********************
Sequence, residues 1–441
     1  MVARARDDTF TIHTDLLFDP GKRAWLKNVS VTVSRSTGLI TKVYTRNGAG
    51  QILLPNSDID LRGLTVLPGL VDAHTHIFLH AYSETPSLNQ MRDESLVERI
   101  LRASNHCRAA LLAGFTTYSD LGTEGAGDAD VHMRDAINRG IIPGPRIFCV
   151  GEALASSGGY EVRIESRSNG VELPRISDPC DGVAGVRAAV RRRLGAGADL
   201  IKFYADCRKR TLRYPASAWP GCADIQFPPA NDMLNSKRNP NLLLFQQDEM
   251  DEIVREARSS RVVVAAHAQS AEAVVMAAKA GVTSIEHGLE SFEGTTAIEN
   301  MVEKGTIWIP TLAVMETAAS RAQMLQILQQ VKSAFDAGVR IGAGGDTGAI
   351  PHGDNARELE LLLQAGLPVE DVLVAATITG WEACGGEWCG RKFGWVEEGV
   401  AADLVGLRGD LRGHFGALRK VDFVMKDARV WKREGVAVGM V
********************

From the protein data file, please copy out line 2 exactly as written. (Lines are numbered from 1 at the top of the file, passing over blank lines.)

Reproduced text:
     1  MVARARDDTF TIHTDLLFDP GKRAWLKNVS VTVSRSTGLI TKVYTRNGAG